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Workable Socialism

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Posted (edited)

For the social, economic and legal and political roots of socialism as we understand it now (and communism too) people might like to watch the excellent film, Peterloo (2019), currently streaming on amazon prime.

https://www.nytimes.com/2019/04/04/movies/peterloo-review.html?

https://www.wsj.com/articles/peterloo-review-an-orator-makes-a-stand-11554405338

https://www.theguardian.com/film/2018/sep/01/peterloo-review-grit-and-brilliance-in-mike-leighs-very-british-massacre

All the elements in this film, which is enormously more historically factual and accurate than many an historical movie, are thoroughly recognizable to us -- including a monarch who is mentally deranged.  Or should be recognizable, unless one lives in a TVillain bubble of historical ignorance about everything, and within an even smaller bubble of just not giving a damn coz I got mine.

Predictably enough, most of the amazon prime reviews are outraged when not just plain bored.  Evidently quite a few wanted heroic deeds by officers at Waterloo, not what happened to the troops and their families back at home, and when they got back home.

Additional context, this is right after the War of 1812, in which Jackson made the deep South safe for the Cotton Kingdom and slavocracy.  (Puleeeeze, don't come here and say that US slavery was feudalism and not capitalism.  That argument went out already in the 1980's.)

Capitalism has always been sadistic and cruel, focused on nothing but more.  See: the history of Hansa League.

 

Edited by Zorral

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Posted (edited)
39 minutes ago, Jace, Basilissa said:

I'm operating off of modern understandings, not the antiquated political writings of a dead man.

I agree with you that Marx' writings are antiquated, but "community buy in for communal services that benefit the entirety of the collective" covers almost every political ideology. 

36 minutes ago, DMC said:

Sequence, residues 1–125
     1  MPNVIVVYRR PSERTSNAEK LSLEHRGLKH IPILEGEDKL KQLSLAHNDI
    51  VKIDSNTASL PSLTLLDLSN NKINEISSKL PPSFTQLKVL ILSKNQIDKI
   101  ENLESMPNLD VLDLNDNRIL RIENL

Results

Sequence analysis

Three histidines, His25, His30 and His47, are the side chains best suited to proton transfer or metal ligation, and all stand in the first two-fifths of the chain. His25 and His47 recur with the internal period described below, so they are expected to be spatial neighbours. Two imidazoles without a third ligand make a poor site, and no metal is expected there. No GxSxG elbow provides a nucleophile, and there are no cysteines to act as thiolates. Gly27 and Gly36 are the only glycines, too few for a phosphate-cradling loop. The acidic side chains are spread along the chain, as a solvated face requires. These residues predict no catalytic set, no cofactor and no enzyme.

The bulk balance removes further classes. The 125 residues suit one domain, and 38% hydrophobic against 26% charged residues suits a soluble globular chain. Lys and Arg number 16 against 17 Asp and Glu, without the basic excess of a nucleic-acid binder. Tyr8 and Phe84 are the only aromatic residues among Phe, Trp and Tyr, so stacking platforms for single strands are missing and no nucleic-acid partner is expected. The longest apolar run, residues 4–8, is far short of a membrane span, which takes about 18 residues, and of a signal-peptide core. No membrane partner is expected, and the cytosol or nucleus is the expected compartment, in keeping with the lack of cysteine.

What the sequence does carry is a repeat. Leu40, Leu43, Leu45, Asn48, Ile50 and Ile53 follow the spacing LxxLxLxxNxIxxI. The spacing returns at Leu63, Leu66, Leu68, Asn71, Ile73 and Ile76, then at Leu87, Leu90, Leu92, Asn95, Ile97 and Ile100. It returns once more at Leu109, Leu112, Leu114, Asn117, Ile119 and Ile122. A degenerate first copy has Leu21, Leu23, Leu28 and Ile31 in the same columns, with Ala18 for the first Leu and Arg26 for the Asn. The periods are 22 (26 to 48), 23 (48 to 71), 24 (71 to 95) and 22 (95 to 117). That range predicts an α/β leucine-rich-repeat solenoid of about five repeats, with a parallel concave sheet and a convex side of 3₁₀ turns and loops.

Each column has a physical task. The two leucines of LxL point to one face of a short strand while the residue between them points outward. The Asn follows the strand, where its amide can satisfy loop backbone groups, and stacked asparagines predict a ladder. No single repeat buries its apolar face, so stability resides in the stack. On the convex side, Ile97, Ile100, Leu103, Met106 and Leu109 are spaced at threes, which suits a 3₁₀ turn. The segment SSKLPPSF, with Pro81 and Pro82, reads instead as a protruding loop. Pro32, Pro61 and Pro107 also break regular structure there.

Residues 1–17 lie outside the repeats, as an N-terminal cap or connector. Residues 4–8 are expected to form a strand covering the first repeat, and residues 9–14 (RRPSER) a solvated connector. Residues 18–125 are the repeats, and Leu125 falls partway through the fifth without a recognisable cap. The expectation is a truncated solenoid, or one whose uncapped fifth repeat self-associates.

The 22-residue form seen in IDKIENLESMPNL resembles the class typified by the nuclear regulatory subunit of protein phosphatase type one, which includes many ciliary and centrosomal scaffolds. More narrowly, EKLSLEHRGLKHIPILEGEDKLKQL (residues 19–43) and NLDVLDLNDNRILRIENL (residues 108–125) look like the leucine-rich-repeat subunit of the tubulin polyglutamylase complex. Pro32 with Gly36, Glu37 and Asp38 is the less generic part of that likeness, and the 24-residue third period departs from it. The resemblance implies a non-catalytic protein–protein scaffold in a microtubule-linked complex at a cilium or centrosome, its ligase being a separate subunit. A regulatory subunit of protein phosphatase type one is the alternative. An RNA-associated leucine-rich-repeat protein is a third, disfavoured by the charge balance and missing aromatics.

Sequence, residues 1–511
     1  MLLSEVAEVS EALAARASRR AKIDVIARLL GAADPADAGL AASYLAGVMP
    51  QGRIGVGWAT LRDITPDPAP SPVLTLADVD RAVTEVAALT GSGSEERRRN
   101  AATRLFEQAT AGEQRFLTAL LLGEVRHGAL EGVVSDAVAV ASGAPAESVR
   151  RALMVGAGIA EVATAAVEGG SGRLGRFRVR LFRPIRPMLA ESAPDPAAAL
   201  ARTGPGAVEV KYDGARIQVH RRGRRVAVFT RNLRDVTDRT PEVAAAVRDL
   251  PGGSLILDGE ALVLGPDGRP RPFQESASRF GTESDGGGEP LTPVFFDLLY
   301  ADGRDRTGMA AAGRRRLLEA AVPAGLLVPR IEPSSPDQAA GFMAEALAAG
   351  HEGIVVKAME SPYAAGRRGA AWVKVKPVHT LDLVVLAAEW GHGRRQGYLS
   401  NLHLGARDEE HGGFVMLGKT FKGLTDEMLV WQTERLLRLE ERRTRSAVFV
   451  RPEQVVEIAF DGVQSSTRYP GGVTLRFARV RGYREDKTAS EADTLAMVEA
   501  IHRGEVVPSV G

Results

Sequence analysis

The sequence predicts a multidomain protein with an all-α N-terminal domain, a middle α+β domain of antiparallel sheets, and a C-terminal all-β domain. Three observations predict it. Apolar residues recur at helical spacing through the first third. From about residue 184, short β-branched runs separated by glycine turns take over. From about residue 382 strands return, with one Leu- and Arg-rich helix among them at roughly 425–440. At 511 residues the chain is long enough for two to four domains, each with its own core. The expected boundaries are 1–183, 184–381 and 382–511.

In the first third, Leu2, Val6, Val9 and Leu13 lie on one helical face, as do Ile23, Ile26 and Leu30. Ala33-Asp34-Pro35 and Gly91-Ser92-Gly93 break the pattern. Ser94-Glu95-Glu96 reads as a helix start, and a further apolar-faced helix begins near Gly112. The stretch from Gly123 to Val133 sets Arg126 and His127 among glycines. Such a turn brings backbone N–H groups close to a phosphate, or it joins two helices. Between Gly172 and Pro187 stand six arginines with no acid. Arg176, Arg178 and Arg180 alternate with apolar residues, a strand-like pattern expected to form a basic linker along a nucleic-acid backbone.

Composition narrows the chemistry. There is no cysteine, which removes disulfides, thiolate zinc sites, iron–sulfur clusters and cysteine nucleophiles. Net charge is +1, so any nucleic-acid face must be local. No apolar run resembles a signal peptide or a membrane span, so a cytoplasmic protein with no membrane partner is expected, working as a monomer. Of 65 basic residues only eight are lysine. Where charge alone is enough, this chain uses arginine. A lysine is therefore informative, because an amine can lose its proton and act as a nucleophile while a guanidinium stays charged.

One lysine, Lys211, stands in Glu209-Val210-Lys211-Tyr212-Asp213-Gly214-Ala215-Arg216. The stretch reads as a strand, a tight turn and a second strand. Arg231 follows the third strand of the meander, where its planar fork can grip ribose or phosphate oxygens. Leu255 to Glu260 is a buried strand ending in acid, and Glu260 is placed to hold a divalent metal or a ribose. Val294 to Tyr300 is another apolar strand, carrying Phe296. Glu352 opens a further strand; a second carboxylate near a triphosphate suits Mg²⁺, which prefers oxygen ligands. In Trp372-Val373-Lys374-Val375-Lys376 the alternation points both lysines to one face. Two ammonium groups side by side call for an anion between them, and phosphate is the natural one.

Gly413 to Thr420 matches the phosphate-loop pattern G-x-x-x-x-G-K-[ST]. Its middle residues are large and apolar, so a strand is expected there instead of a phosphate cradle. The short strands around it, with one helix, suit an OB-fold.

I don't really get all this beard stroking about the difference between communism and socialism.  The former is very clearly distinct - read the book!  Here it is.  Hell, just skip to the last few graphs (page 39 in my copy):

I don't get how you can confuse that with the social welfare/Keynesian model that was implemented in the entire developed world since the Great Depression - which was precisely a response to the dangers of unfettered capitalism.  A communist is a revolutionary, basically permanently (because they'll never win all that Marx requires).  A socialist just wants to get her kids through college and afford a retirement.

That is not true. Even Social Democrats want to to significantly further than that, and they are the most moderate out of the different branches of socialist ideology. Look up the stated goals of some actual Socialist parties (should not be confused with Social Democrats) and you will see that most of them aim to abolish private property at some point. 

Edited by Khaleesi did nothing wrong

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1 minute ago, Khaleesi did nothing wrong said:

That is not true. Even Social Democracts want to to significantly further than that, and they are the most moderate out of the different branches of socialist ideology. Look up the stated goals of most actual socialist parties and you will see that most of them aim to abolish private property at some point. 

First, how does that not make it true?  Like, even if I agreed (which I don't) that every socialist wants to "abolish private property," how does that contradict wanting to get her kids through college and afford a retirement?

Anyway, social democrats want to go further than that exactly how _______?  Because I'm not seeing them being radical revolutionaries.  They want more redistributive policies in basically all facets, yes.  That's what being a socialist means.  But please cite where there are proposals from social democrats to abolish private property.  The Green Party doesn't.  The Democratic Socialists don't.  I mean, I'm not on expert on other countries' socialist parties, but I'm pretty sure any legitimate/successful ones are not calling for the abolition of private property.

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for what it’s worth, i’d say the dsa’s national position on private property is far to the right of the average local chapter or member

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Posted (edited)
25 minutes ago, DMC said: